Who says the music charts are only for twentysomethings?
Certainly not Kylie Minogue, 52, the Australian songstress who brought us pop hits in the 1980s to 1990s like “Locomotion” (a remake of the Little Eva tune) and “I Should Be So Lucky” — and who’s now racing back up the charts with a new single, “Say Something,” and album, “Disco.”
The video for the single dropped on Friday, and it’s full of glitter and lens flare and … is that Minogue astride a shiny horse statue?
Why yes, yes it is.
The tune is pure escapism, earnest dance fun that reminds us just how much we’ve missed a regular diet of disco delights. (We’re also hearing a callback to Queen’s “Radio Gaga” in the opening beats of the track!)
As Minogue told GQ in May, the new album is “grown-up disco. (It’s) difficult even for me to explain. But even grown-ups need some pure pop fun.”
Quite a bit of the record (her 15th studio album) was recorded at home due to COVID-19 quarantines, and as she admitted to The Independent in May, there was “steep learning curve.”
But Minogue is known for surmounting seemingly impossible obstacles.
In 2005, she was diagnosed with breast cancer while on her “Showgirl: Greatest Hits” world tour. She underwent radiation and chemotherapy treatments, and had a partial mastectomy, then went into remission the following year.
In 2014, she told Australia’s “60 Minutes” that facing cancer had changed her attitude about how to live her life. “Someone had said to me at the time, ‘You need to be a little bit selfish’ …. It’s not in my nature to be selfish but now is the time to do that let people take care of you,” she said. “And … that’s what I did.”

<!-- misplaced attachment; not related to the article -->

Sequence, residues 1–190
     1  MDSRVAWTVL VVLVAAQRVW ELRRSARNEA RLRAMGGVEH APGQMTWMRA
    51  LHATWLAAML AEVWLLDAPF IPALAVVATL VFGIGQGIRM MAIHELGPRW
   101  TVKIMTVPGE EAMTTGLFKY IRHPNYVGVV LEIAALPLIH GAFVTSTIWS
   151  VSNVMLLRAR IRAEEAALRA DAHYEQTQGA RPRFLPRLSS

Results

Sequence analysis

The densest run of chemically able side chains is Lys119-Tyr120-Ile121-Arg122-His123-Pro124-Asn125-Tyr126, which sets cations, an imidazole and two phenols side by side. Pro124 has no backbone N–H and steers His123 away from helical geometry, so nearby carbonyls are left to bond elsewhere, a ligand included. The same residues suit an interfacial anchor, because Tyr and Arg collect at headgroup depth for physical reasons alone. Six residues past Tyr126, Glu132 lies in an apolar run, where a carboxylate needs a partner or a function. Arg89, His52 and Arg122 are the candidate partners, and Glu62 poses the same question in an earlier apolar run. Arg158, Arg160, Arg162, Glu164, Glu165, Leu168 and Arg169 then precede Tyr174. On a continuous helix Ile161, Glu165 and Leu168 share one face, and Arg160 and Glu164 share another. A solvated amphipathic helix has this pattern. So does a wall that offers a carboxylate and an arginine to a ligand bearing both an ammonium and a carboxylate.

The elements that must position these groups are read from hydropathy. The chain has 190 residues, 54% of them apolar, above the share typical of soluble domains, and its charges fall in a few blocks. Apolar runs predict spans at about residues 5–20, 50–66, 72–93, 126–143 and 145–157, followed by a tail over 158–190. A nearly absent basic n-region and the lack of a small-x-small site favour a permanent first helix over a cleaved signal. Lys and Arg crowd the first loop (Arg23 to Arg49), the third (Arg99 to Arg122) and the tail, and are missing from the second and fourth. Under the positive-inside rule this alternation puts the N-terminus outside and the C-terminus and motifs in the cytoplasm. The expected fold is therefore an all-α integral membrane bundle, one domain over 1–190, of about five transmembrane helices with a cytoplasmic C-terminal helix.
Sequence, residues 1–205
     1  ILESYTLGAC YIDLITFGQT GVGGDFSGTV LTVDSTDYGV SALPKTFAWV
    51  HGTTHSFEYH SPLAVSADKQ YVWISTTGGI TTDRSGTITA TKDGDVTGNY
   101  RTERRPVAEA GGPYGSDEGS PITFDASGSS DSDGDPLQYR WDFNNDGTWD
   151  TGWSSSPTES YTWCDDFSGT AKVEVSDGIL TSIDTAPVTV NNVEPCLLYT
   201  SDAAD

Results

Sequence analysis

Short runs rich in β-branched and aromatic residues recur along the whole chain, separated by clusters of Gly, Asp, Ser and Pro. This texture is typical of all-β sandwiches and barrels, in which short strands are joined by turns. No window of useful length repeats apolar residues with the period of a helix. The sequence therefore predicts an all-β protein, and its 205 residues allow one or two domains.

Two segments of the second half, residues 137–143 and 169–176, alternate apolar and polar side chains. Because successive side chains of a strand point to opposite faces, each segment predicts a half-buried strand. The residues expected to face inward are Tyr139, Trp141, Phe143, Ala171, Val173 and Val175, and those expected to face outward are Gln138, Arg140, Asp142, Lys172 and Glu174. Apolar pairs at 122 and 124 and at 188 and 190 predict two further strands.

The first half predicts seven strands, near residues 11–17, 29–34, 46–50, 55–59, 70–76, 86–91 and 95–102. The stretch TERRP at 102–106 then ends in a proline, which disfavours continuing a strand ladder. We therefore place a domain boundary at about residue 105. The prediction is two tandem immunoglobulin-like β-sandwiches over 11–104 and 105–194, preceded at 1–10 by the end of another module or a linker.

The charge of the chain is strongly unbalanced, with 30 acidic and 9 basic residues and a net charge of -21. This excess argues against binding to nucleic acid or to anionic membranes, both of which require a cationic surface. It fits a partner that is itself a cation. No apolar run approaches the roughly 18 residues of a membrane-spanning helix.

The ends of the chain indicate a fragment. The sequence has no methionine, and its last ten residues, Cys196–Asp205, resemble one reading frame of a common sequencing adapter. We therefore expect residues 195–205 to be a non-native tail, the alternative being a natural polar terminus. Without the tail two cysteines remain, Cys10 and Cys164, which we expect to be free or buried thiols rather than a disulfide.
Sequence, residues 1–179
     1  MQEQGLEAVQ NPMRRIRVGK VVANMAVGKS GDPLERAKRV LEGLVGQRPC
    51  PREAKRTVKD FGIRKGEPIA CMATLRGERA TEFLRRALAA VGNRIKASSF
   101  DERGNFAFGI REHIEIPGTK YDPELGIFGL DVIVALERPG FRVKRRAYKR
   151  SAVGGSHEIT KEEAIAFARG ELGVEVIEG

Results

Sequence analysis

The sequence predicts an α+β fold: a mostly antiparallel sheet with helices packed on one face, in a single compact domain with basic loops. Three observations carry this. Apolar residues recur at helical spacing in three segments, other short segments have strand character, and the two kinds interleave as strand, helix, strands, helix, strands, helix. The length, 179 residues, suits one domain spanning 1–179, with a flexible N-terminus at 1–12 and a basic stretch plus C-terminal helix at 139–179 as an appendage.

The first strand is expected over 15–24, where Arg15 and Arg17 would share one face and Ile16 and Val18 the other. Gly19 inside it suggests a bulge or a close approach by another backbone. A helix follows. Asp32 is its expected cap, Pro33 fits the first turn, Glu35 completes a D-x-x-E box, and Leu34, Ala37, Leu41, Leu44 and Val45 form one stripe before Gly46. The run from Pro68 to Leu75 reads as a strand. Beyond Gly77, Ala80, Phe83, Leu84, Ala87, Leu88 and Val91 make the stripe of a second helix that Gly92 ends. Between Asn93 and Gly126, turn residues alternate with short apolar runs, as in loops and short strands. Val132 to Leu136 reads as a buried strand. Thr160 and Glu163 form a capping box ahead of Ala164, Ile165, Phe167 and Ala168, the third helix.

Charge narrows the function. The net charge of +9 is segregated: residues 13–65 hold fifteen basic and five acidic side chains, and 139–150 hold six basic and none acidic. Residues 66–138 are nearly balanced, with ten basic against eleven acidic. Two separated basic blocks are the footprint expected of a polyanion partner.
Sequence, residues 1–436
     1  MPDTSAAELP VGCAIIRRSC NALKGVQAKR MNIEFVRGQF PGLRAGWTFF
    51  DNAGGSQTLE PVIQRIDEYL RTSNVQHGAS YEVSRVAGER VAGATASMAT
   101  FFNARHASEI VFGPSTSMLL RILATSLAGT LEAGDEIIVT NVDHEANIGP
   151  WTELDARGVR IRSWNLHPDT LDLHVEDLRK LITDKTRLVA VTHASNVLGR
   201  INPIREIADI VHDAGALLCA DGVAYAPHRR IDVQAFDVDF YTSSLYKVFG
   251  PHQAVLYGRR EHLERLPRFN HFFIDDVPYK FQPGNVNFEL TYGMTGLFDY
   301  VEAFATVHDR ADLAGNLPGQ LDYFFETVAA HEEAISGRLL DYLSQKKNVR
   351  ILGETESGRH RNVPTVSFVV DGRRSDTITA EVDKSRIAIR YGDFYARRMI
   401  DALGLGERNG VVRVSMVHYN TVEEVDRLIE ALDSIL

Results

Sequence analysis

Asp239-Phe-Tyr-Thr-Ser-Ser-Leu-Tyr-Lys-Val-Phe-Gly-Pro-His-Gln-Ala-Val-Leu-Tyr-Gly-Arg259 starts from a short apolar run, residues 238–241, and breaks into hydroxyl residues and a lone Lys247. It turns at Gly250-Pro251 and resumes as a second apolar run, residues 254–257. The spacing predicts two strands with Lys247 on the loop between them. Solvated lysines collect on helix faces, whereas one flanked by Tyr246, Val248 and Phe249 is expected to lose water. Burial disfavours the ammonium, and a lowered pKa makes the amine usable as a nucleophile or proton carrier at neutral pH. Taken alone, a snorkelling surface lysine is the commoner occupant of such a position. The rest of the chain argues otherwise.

Though she hadn’t really planned on having children, the diagnosis, which came when she was 36, permanently derailed that option. “I don’t want to dwell on it, obviously, but I wonder what that would have been like. Everyone will say there are options, but I don’t know,” she told Hello Magazine in 2019.
How did her cancer experience change her?
“It’s always such a difficult question to answer with a neat sentence, but cancer changed many things forever, and some things didn’t change at all,” she recently told WHO magazine.
“My view of the world was different, my destination, for the most part, was the same. Broader, for sure. I was even more passionate about the people and things that I loved, but life as I had known it was on hold.”
Still, she’s found love with British GQ creative director Paul Solomons, and has a generally positive attitude to growing older in the public eye.
Back in 2014, she told Good Housekeeping, “When I say out loud ‘I’m 45,’ I think: ‘Really? Wait a sec, how? That’s not right!’ You have to accept it, even if you don’t feel like accepting it sometimes. But hey, I’m lucky to be here so it’s all good.”